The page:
By Nicole Fields
Times West Virginian
When WVU’s football team took on Syracuse in the New Era Pinstripe Bowl on Dec. 29, 2012, Rick Harshbarger was in the stands at Yankee Stadium cheering on the Mountaineers.
The next day, Harshbarger was back in the Mountain State by noon to root for the WVU men’s basketball team as it faced Eastern Kentucky University at the Coliseum.
It took a nine-hour drive through the night to get from Manhattan to Morgantown, but Harshbarger was determined not to miss the home game.
His streak depended on it.
For nearly 30 years, the 55-year-old Keyser resident has attended every home game the Mountaineers have played. He hasn’t missed a men’s basketball game since 1987, and he’s been at every home football game except one — when his daughter was born — since the new Mountaineer Field opened in 1980.
“I came out of the womb a WVU fan,” said Harshbarger, who serves as chief executive officer of Romney’s nonprofit Potomac Center, a residential facility that serves children with intellectual or developmental disabilities, where he’s worked for 33 years. “My earliest memories are of carrying a portable radio around the house and trying to get the games to come in on it.”
That was essential when he was growing up in Mineral County in the 1960s, when no radio stations in his hometown carried coverage of WVU’s games. Harshbarger said he carried a radio all over the house trying to pick up Wheeling station WWVA, which barely came in.
But once he got his driver’s license and could drive to Morgantown, “I was there.”
And he’s been coming back ever since.
That doesn’t mean it’s always been easy. Harshbarger readily admits he’s had to make some sacrifices and push the limits a bit in order to keep his streak of nearly 400 games (and counting) alive. Missed a friend’s wedding? He’s done it. Driven around barricades on the snow-covered interstate? He’s done that, too.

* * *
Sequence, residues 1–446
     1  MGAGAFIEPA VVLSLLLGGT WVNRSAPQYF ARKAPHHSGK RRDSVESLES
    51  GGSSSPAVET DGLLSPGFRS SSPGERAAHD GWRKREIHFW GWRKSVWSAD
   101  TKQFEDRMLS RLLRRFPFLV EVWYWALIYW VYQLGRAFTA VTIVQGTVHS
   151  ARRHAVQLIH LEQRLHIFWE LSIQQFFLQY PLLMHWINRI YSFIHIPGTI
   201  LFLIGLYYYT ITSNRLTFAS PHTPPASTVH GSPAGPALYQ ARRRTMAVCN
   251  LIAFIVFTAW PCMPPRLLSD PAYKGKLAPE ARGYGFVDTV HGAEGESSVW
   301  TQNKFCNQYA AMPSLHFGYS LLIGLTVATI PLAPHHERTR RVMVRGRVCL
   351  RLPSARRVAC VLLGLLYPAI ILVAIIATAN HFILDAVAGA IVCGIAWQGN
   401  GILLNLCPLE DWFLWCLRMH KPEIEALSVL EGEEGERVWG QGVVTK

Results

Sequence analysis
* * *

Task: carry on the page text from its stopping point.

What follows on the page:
He’s even checked himself out of the hospital before a scheduled operation so he wouldn’t miss a game.
“We were awful that season,” Harshbarger recalled. “I was in (the hospital in Morgantown) and I just basically wrote a note to the nurses saying, ‘I went to the basketball game,’ and said I’d be back when it was over.”
Harshbarger said he left the note on his hospital bed, went to the game and came back just like he said he would.
“They weren’t too happy with me,” he laughed. “But I didn’t miss the game.”
It’s that kind of dedication that has allowed Harshbarger to amass such an impressive streak. But he’s quick to point out that his family’s approval is another significant factor. His wife Christa and children Candice and Brett are WVU fans, too, and they know that as soon as Harshbarger gets the teams’ schedules, he’s adding the dates to his calendar and everything else will come second.
“I don’t write the schedules. I don’t have anything to do with it,” he said. But as he tells family members and friends, “If you want me to come to your wedding, don’t get married on home football game days in the fall.”
All jokes aside, Harshbarger described the streak as “an animal of its own.”
“I don’t want it to stop,” he said. “Even if there is a less attractive game or I’m tired or something else is going on or I’m sick, I don’t want (the streak) to end. So I go.”
While few fans can claim a streak as long-lasting as Harshbarger’s, he’s hardly alone in his devotion to the Mountaineers. As Matt Wells, assistant athletic director for marketing and sales at WVU, explained, home games draw thousands of people to Morgantown.
“For a lot of people in the state, WVU sports are the front porch of the university,” Wells said. “It’s something residents and even those who might live in other areas can watch and be involved with. It’s the most direct tie to the university.”
Historically, Wells said home games boast large crowds — Milan Puskar Stadium has a capacity of 60,000, while the Coliseum can hold 14,000 fans — thanks to a strong fan base.
“Mountaineer home games are very unique events,” he added. “The pride and passion our fans have is very evident. (Home games) are something that a lot of our fans really enjoy the chance to be part of.”
Count Harshbarger among those fans.
With his 400th game in a row getting close — WVU’s game against Kansas State in early February marked his 394th straight in basketball — Harshbarger has his eyes on what he considers the ultimate goal.
“I’m going to try for 500 men’s basketball games in a row,” he said, estimating that it will take seven more seasons to reach that milestone. “There’s just nothing like being there.”
Email Nicole Fields at email@example.com or follow her on Twitter @NicoleFieldsTWV.